Hundreds of millions of people globally live with visual impairments, so iPhones have accessibility options like Color Filters to improve visibility.
Color Filters may not be the most talked-about thing on the iPhone but, for a lot of users, they are one of the most important features that Apple has ever added. Hundreds of millions of people around the world are thought to live with visual impairments like color blindness and accessibility options like Color Filters can make it easier to see and use the iPhone’s display.
As technology becomes an increasingly common component in day-to-day life, ensuring it is accessible for all types of users is a priority. Whether someone is colorblind, deaf, has difficulty touching their phone, or anything else, numerous things need to be accounted for so that everyone has equal access to the information and services they need. Apple has done an excellent job over the years of making its products welcoming for all groups of people, including those with vision problems.
The idea behind Color Filters is fairly simple. Different filters change the appearance of certain colors on the display, thus making it easier for people with colour blindness or other vision challenges to see their smartphone more easily. As there are color blindness and other visual impairements vary in their type and severity, multiple filters help cater to as large an audience as possible. Per Apple’s instructions, getting these filters enabled on the iPhone is rather simple.
How To Use iPhone Color Filters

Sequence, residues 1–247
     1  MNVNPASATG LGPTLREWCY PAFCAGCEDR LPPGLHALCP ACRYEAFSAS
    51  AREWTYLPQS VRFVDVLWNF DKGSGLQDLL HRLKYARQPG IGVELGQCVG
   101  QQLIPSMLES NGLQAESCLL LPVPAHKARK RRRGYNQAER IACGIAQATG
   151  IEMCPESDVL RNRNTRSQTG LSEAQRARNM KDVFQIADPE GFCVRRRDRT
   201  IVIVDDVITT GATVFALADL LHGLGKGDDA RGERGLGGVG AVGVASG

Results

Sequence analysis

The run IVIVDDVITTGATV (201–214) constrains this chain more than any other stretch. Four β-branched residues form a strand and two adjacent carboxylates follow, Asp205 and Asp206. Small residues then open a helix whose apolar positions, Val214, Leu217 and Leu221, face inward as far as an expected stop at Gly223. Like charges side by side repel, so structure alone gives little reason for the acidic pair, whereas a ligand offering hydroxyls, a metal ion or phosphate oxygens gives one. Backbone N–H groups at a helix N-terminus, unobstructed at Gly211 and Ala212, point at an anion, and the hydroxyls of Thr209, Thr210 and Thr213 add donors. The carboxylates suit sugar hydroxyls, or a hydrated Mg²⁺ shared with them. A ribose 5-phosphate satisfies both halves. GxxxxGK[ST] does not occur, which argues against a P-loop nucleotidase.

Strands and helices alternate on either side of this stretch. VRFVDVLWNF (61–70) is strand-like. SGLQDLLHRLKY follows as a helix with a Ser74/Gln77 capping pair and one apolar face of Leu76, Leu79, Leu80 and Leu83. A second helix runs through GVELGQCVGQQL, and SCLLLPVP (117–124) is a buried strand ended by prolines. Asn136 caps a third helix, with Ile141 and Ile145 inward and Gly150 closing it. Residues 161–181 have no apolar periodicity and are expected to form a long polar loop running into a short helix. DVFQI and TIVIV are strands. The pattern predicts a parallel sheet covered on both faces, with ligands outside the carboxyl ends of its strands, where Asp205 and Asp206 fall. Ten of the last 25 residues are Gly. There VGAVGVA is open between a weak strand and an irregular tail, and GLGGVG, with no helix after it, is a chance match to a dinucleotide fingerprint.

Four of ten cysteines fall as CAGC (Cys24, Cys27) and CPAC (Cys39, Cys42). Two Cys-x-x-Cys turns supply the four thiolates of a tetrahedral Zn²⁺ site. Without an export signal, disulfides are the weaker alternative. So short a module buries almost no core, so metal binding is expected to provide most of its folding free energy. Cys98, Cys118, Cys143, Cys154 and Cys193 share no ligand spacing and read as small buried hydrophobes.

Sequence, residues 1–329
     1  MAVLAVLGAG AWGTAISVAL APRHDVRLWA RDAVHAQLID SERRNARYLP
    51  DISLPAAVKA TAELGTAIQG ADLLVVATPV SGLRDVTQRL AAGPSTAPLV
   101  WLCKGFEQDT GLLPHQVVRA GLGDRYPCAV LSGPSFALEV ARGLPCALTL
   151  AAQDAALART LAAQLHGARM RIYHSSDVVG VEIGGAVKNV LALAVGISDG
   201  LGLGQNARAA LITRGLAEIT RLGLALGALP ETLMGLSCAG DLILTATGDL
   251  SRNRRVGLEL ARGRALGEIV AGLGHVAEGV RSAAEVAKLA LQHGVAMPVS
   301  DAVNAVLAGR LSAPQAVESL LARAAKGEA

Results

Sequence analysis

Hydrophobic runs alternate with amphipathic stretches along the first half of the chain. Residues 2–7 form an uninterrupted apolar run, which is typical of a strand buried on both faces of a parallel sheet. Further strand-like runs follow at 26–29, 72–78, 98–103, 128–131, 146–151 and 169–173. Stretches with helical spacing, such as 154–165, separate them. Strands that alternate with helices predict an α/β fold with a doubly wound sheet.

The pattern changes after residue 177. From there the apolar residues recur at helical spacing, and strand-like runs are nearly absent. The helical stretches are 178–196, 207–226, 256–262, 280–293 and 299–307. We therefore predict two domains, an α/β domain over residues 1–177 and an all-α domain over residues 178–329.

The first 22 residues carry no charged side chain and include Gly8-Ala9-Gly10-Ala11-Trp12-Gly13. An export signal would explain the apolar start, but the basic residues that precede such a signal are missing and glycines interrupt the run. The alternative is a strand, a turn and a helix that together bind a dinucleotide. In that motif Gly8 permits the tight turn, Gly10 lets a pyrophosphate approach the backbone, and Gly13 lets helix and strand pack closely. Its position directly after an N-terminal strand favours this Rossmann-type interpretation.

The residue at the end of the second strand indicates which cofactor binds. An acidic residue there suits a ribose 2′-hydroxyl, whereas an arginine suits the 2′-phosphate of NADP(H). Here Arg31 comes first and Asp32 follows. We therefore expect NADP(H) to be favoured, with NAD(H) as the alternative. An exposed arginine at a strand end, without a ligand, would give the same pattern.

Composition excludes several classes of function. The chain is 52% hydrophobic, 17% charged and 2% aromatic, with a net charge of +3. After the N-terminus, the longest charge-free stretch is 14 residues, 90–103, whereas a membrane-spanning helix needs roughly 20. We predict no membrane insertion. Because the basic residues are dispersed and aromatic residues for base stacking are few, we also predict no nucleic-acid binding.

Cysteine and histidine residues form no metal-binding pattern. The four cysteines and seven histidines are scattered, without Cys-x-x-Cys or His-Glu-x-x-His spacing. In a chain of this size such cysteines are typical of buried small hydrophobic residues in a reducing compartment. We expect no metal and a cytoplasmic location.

iPhone users should first open the Settings app, then scroll down the page and then tap ‘Accessibility.’ From the Accessibility page, tap ‘Display & Text Size,’ tap ‘Color Filters,’ and then tap the toggle to turn the feature on. Once that’s done, users will find five different options to choose from.
The first option is Grayscale, which turns all colors into varying shades of gray, white, and black. The next three filters are all designed for specific types of colorblindness, including the Red/Green Filter (Protanopia), Green/Red Filter (Deuteranopia), and Blue/Yellow Filter (Tritanopia). Finally, the Color Tint option gives the iPhone a reddish/pink hue that helps users with color or light sensitivity.
While using the different filters to find the one that works best, Apple includes a few color examples to show exactly what each filter is doing. The first is a group of colored pencils, but users can swipe on this to see columns of color intensity and a graph that depicts vertical lines on a colored background (helpful for finding a filter that best matches a person’s vision reqreuiments). There’s also a slider for almost all of the filters, allowing the intensity to be increased or decreased to best accommodate each user. Once someone finds the right filter and has customized it to their exact liking, they can exit the settings and the changes will be present across the entire iPhone.
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